I forwarded my post from the ccrma list. I am looking for help getting
windows vst support on a 64 bit system. The typical solutions (fst,
dssi-vst) don't compile, nor does wineasio.
Any help would be appreciated!
Begin forwarded message:
> From: "Joseph Dell'Orfano"
> Thank you so much for your reply. I have explored all of these
I forwarded my post from the ccrma =
list. I am looking for help getting windows vst support on a 64 bit =
system. The typical solutions (fst, dssi-vst) don't compile, nor does =
wineasio. Any help would be =
appreciated!JoeBegin forwarded message:From: "Joseph Dell'Orfano" <email@example.com>Dat=
e: November 5, 2008 11:25:02 PM ESTTo: "Preston C." =
firstname.lastname@example.orgSubject: Re: =
Thank you so much for your reply. I have explored all of these options
and actually just got my Amplitube plugin working on my old 32-bit
machine. This is using CCRMA with FC6. This works for me because I
have this connected via S/PDIF to my main DAW (a 64-bit machine running
CCRMA and FC8), so essentially my old 32-bit machine is functioning as
a digital effects processor.
Here is the summary of my experience with VST so far. I have cross
posted this on LAU as well.
1. I cannot run a (windows) VST on my 64-bit machine. I cannot compile
dssi-vst, fst, or wine-asio. It appears that they do not want to
compile against my 64-bit jack libraries. Perhaps I am missing
something obvious (probably) but I just can't compile these.
2. Reaper does not work in Wine on my 64-bit machine. I installed wine
from the CCRMA repo (it is 32-bit I believe).
3. Energy-XT runs but I cannot compile the libamm with jack support.
Again, 64-bit problems. I have not tried to run the windows version of
energy-XT but I suspect I will have wine problems as I did with =
4. dssi-vst appears to be broken on the 32-bit machine. Again, I
downloaded this from CCRMA repo. vsthost scans all of my plugins
properly and starts them up but quickly fails with a report that it
"lost communication" with the plugin.
5. fst compiles on my 32-bit machine very easily and runs my windows
plugins properly (Yay!)
I hope this is helpful. Any comments about getting VST support up and
running on my 64-bit machine would be greatly appreciated.
Preston C. wrote:
I am trying to find a solution to vst support on a ccrma fedora 8
system. Oh, did I mention I'm running 64-bit? That seems to be a major
wall preventing dssi-vst and others from compiling. I can compile wine-
asio-x and jackbridge seems work fine. I cannot get Reaper to run, nor
can I get extreme-xt to run with jack support (cannot compile libamm).
I am using the stock wine packages from ccrma which do not appear to
be 64-bit so this may prevent programs such as reaper from working.
So, any suggestions would be appreciated. There do not seem to be a
lot of success stories out there.
PlanetCCRMA mailing list
I asked the same question on this list, and got =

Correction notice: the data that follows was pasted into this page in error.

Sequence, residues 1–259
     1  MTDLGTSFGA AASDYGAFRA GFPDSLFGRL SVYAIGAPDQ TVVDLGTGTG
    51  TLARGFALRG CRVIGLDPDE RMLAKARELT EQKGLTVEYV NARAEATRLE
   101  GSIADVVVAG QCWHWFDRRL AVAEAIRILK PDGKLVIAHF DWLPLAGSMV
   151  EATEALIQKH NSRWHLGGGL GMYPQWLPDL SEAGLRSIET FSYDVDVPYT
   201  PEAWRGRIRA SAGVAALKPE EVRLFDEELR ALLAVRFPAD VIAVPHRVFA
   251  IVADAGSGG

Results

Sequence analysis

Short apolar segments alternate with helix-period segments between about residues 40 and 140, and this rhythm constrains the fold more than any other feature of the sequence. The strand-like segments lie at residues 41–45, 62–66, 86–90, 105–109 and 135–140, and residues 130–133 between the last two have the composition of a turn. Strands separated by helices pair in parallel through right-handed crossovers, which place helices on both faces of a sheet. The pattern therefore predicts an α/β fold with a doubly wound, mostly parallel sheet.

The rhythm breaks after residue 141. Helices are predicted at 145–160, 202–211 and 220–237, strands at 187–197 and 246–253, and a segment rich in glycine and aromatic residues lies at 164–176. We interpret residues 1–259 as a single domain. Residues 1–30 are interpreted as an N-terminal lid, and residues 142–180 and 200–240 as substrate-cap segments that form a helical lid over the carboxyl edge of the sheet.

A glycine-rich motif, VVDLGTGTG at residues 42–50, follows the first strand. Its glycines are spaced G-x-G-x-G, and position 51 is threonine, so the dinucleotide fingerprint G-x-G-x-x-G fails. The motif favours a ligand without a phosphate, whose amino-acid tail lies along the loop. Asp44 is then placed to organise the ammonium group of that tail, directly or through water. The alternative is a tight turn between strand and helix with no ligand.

a great reply from a
guy named Ray Rashif. Here it is:
OK, the deal about VST "support" on GNU/Linux is that you can read all
about it scattered all around the WWW. It'd take some time to really
get things right if you don't come across the correct sources sooner
than expected. The SDK is freely available, but not free is in our
understanding; the license forbids redistribution. So, say you were to
use the SDK to program a host, you're not allowed to let the binary be
up for download. Each individual must agree to the licensing terms and
then download the SDK to compile the software himself. This is what
limits the so-called support for VSTs on Linux, or any free platform.
In view of the situation, there are currently a few ways to use
VST(i)s on our favourite distros:
(1) Proprietary DAW software with Linux offerings. Examples are
Renoise, energyXT..and I think that's about it.
(2) Wine-friendly Windows software. Examples are..example is Reaper.
(3) SDK-compiled Linux software that support it. Examples are Ardour,
Rosegarden, and I can't really remember the rest. Here you need to
download the SDK and configure the build to compile against the SDK.
(4) Linux software with unique support for VSTs built in, with the
help of Wine. Note: No SDK required. This is my personal favourite
route to take. Examples are LMMS and Qtractor (via dssi-vst).
---- Extra note: Qtractor is different because it relies on a separate
wrapper, which in turn has that unique Wine-based support built in:
---- Previously dssi-vst required the SDK, but not anymore. Yay.
(5) Native VST host. Native here means Linux-only. These VSTs are
those that are compiled for the Linux system. There is only 1 such
host to my knowledge - Jost. The collection of plug-ins (ported or
otherwise) isn't all that great, but it feels really good being able
to run VST instruments natively without any overhead or performance
loss. The author's few plug-ins are of high quality; a talented
programmer AND musician he is.
_______________________________________________PlanetCCRMA mailing listPlanetCCRMA@ccrma.stanford.=